To taste, I’m pleased to find that the floral aspect has faded into the background a little. It’s still there, but it’s more a flavour that you taste at the back of your mouth after swallowing than one that hits you in the tastebuds as soon as you take a sip. The green tea itself is very subtle and delicate. There are no strong green flavours here, just a refreshing lightness and then the slight floral. I can imagine this being a really wonderful tea for drinking on a hot summer afternoon, simply because it’s so delicately sweet and light in flavour.
It’s actually more pleasant than I remember finding it initially, but my tastes are changing as time passes and I try more and better teas. I don’t think I’ll ever completely warm up to jasmine, but this was definetly a very pleasant surprise!
Okay, so I have a lot of backlogging to do today. May as well start with this one!
The first thing I want to say about this tea is that it smells amazing. Like, really amazing. It’s exceptionally fruity. I think I’d say the blackcurrant, strawberry and raspberry are the dominant notes, but it also contains hibiscus, elderberry, papaya and raisin. The fruit pieces are generously sized, probably on a par with Adagio or maybe a touch larger. The colours are amazing and almost jewel like — blood red, burgandy, aubergine, and orange, with the rippled creamy-red hibiscus flowers standing out among them.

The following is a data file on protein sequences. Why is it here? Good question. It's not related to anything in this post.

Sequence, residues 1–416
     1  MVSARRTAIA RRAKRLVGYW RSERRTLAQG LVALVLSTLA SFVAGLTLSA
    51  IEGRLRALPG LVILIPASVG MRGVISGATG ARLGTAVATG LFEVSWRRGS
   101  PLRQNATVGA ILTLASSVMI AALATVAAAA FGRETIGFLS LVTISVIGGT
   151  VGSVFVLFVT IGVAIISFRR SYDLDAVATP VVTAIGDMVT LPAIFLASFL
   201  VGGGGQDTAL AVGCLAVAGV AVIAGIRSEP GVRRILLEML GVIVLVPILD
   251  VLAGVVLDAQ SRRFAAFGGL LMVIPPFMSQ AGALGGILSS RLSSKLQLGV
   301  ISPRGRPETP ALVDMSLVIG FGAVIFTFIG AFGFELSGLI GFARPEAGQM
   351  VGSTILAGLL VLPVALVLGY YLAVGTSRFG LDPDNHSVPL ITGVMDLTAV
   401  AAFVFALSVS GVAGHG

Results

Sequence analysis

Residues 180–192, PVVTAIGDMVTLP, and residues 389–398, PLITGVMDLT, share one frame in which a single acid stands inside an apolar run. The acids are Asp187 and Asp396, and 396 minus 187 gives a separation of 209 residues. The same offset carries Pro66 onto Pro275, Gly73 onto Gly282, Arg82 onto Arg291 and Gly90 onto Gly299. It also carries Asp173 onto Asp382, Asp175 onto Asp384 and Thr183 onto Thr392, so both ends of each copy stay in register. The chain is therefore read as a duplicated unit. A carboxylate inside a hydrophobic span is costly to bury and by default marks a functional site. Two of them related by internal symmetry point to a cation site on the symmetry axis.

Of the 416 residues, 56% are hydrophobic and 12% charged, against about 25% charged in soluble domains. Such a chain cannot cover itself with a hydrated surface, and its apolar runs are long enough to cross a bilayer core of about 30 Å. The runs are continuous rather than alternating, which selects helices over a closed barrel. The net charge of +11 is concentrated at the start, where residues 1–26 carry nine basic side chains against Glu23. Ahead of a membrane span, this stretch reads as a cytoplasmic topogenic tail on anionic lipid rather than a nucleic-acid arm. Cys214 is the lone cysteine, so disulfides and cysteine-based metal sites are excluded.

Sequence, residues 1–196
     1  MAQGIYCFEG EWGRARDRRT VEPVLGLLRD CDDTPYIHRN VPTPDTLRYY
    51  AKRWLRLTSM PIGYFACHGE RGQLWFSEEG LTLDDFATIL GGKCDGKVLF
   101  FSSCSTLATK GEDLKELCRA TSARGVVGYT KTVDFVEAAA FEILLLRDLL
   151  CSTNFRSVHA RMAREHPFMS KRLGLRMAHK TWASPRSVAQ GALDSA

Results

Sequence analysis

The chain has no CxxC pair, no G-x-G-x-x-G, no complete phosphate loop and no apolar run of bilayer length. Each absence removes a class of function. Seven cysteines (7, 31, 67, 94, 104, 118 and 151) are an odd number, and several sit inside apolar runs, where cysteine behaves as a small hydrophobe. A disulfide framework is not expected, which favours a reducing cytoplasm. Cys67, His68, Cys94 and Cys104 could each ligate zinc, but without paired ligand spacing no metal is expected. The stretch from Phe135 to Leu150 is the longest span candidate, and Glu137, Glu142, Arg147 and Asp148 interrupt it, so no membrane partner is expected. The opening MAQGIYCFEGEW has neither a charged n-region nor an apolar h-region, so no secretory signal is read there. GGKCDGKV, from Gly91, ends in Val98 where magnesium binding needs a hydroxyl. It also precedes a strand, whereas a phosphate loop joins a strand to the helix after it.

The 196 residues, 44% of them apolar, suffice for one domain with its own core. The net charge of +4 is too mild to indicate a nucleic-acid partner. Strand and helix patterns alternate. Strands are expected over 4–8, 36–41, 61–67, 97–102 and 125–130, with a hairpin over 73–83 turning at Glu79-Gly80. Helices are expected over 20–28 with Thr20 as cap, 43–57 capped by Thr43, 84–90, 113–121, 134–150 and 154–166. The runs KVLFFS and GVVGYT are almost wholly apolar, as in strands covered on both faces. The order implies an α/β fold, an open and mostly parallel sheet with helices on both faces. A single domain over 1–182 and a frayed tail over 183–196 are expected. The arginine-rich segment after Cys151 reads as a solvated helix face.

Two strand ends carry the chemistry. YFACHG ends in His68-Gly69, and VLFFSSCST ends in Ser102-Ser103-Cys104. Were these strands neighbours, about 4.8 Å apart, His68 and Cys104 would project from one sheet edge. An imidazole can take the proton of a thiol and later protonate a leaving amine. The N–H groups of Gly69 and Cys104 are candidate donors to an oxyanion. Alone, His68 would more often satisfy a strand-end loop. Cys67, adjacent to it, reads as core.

In practice, though, it doesn’t actually taste quite as I expected. It’s a lot sweeter than the ingerdients made me think it would be, and the initial sip is almost too sweet — a bit like artificial sweetner. This develops into the taste I’m usually expecting when I drink fruit tea. A slight tartness, a tangy edge of almost-bitterness, and a drying sensation on the palate. The aftertaste offers a hint of pepperiness, I’m assuming from the papaya.
The more I drink this, the more I like it. I wasn’t at all sure at first, with it being so sweet, but it’s actually quite pleasant. More so as it cools. It’s more complex in flavour than any fruit tea I’ve had before, that’s for sure. It doesn’t beat my favourite — Teapigs Superfruit — for now, but it’s a pretty good contender. Definetly one for icing in the summer!
I’m slowly learning to appreciate bergamot in Earl Grey. There was a time in my tea drinking history when I wouldn’t have been able to drink this one, because the bergamot is pretty pronounced and it was a flavour that always made me feel slightly nauseous. Neither would I have been able to drink it without milk. Now, I can do both, and happily.